Q: I’m having issues filing a large document. Why won’t my document transmit properly?
A: Documents are limited to 25 megabytes in size per submission.
Q: What should my scanner settings be for my documents?
A: Black and White 600x800 DPI-Flat image.
Q: Why doesn’t the document type I need appear in the drop-down menu?
A: If you do not see the proper document type in the drop-down list provided, contact the clerk’s office in the county where you wish to file and ask their advice. You may also want to ask that the document code be added to the drop-down list.
Q: How do I know my document was received?
A: You will receive an automated filing confirmation from the clerk’s office and acceptance from the clerk. Watch for information on the “My Filings” site on the portal when you logon. Once the filing is accepted into the local clerk’s system, this becomes the official court record just like the current paper process. The portal provides access to your filings via the My Filings page. As a precaution, make sure you have sent the filing to the correct county to make sure it is timely filed.
Q: How do I find out more about how to file a document through the portal?
A: There is an e-filer manual found in the Filer Documentation link on the portal. Once logged in, scroll to the bottom of the screen. More information can also be found in Supreme Court orders on e-filing and the portal on the Supreme Court’s website, www.flcourts.org/gen_public/technology/e-filinginfostatus.shtml. The most recent copy of SC 11-399, amended October 18, 2012, is found linked there.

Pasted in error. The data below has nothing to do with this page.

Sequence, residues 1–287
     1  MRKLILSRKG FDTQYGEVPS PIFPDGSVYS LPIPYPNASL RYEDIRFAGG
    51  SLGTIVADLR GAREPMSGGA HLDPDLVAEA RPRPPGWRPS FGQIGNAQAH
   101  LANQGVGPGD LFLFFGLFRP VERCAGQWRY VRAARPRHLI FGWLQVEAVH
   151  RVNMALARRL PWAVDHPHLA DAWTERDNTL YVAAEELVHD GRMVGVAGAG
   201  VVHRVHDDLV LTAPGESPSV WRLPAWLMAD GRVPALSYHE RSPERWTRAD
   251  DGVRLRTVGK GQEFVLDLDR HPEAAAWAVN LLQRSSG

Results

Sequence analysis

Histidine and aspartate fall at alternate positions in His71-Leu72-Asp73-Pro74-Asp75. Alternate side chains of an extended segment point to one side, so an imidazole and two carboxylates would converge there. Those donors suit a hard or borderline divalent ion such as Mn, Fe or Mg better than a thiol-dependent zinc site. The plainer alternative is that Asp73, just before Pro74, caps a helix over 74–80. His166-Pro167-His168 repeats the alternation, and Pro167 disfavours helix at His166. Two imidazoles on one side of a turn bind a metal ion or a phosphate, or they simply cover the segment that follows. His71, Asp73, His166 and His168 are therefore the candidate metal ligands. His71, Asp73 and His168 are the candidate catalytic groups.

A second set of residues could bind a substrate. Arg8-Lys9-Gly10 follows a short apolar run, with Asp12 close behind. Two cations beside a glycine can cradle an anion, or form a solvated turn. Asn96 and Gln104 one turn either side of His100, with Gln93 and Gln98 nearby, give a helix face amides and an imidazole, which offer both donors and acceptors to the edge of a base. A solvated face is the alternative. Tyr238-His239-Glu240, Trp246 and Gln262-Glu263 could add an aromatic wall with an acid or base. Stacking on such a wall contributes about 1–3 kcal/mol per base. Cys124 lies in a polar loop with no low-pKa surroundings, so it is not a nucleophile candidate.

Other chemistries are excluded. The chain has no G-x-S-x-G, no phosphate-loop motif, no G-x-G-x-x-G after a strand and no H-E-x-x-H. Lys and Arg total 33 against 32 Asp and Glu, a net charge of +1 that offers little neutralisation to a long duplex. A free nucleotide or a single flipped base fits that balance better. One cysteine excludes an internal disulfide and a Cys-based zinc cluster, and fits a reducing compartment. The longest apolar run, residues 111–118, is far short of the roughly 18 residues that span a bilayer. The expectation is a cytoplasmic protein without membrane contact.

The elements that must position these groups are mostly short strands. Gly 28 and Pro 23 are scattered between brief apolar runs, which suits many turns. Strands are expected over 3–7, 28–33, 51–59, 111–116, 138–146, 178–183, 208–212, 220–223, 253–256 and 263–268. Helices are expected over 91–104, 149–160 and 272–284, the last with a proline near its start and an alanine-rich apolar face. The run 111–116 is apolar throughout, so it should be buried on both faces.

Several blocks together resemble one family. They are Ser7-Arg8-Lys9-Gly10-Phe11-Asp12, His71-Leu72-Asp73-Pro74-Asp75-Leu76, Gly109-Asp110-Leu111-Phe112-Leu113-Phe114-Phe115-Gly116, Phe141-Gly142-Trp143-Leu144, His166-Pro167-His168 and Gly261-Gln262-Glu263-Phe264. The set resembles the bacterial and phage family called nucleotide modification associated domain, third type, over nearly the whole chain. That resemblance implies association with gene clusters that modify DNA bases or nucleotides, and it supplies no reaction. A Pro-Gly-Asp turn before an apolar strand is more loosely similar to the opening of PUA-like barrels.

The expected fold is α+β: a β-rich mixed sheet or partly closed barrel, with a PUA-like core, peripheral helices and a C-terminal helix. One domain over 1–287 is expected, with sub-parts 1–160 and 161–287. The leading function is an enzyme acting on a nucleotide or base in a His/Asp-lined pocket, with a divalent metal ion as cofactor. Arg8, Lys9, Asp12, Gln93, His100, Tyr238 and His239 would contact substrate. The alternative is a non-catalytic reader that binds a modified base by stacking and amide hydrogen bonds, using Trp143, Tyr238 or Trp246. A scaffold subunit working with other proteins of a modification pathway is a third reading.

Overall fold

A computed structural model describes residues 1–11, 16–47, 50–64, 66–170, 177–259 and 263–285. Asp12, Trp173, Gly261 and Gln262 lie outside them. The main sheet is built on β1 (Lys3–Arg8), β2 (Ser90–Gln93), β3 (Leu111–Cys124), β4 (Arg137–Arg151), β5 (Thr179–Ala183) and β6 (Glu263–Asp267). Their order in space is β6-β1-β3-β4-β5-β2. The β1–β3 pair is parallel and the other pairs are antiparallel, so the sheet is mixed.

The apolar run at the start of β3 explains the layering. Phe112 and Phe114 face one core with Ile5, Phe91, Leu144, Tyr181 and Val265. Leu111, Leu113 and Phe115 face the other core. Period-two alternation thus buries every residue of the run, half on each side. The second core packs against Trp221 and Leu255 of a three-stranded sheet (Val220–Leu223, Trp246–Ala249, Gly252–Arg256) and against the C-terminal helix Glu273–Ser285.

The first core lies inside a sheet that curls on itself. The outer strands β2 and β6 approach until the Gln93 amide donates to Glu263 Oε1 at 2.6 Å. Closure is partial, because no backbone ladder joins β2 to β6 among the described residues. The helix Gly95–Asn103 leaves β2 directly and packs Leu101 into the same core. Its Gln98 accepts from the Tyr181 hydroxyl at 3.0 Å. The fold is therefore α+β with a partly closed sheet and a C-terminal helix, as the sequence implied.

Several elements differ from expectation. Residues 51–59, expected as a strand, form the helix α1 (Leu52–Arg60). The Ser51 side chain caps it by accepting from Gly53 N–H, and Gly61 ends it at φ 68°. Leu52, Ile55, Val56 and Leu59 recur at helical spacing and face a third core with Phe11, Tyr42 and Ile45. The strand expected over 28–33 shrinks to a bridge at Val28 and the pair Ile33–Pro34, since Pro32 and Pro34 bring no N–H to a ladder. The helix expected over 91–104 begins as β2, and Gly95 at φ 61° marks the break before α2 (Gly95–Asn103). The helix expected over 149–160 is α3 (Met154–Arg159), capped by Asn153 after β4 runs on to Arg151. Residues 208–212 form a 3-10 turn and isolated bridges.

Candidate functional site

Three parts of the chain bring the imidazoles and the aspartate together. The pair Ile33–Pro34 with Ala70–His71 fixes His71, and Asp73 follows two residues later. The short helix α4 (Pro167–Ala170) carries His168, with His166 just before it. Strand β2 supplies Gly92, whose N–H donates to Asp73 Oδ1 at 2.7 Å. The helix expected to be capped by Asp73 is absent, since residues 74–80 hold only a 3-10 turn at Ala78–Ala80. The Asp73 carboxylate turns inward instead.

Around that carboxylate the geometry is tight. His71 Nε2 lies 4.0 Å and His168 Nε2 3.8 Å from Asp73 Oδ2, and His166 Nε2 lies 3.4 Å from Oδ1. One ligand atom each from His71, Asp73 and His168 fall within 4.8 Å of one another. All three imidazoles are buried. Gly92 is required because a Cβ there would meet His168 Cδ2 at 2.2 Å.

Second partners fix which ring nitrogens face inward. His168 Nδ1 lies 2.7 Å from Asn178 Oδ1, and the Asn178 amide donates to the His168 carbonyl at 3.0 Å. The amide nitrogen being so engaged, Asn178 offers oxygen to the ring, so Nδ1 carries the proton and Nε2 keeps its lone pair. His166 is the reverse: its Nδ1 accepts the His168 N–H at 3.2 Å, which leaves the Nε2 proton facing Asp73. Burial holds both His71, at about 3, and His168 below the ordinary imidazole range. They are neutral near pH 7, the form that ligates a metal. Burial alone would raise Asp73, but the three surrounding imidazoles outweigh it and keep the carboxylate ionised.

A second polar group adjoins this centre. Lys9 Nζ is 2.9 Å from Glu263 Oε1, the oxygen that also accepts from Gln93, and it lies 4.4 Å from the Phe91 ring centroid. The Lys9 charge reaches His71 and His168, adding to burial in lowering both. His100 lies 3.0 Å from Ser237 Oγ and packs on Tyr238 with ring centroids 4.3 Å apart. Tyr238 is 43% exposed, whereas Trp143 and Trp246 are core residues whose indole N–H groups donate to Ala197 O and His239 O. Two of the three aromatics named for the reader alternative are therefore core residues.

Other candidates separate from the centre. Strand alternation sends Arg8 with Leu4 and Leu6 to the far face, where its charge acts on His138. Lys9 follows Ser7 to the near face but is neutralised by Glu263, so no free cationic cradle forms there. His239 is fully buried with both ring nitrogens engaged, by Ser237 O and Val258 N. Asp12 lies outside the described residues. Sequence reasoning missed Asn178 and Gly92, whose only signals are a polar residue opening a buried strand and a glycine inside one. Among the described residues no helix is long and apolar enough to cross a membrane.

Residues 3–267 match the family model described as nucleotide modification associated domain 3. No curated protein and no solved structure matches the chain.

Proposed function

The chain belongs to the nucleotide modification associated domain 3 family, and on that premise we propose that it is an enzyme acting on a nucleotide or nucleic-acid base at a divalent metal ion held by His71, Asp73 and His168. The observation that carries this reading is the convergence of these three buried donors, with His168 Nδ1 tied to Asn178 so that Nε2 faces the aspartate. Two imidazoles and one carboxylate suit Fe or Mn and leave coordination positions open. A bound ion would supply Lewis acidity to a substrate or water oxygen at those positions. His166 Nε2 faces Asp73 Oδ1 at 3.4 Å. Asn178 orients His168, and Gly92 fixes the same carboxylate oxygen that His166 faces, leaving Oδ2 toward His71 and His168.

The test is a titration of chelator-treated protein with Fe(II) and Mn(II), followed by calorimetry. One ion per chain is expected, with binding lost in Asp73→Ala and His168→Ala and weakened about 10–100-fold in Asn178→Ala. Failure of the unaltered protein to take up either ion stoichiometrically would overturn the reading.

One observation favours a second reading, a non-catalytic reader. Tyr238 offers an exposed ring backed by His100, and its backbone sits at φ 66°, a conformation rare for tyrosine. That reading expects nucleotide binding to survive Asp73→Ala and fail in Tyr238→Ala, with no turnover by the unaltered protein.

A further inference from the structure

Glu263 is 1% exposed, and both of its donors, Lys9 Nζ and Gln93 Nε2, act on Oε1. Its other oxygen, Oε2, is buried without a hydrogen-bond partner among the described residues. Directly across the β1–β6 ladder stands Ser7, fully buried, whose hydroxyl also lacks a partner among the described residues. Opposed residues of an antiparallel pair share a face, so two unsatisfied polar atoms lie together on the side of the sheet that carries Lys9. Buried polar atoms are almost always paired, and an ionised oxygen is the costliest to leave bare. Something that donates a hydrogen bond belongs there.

Q: What if my questions are not answered in the manual?
A: Attorneys and legal assistants can send an email to firstname.lastname@example.org or call (850) 577-4609.
Q: I have a law office in which many attorneys will be filing documents. Is there a better way to manage that work?
A: There is a Law Firm Administrator function that can be set up for law offices. Contact email@example.com or call 850-577-4609 for assistance.
Q: How do I pay for filing a document?
A: You will only be charged when submitting documents that initiate a case. Note, there is a charge when using a credit/debit card and a flat $3 charge for using an ACH transfer. The portal accepts MasterCard, Discover, and American Express.
Q: What is the difference between e-filing and e-service, to the extent that even though you e-file, in most counties, you also then have to e-serve opposing counsel?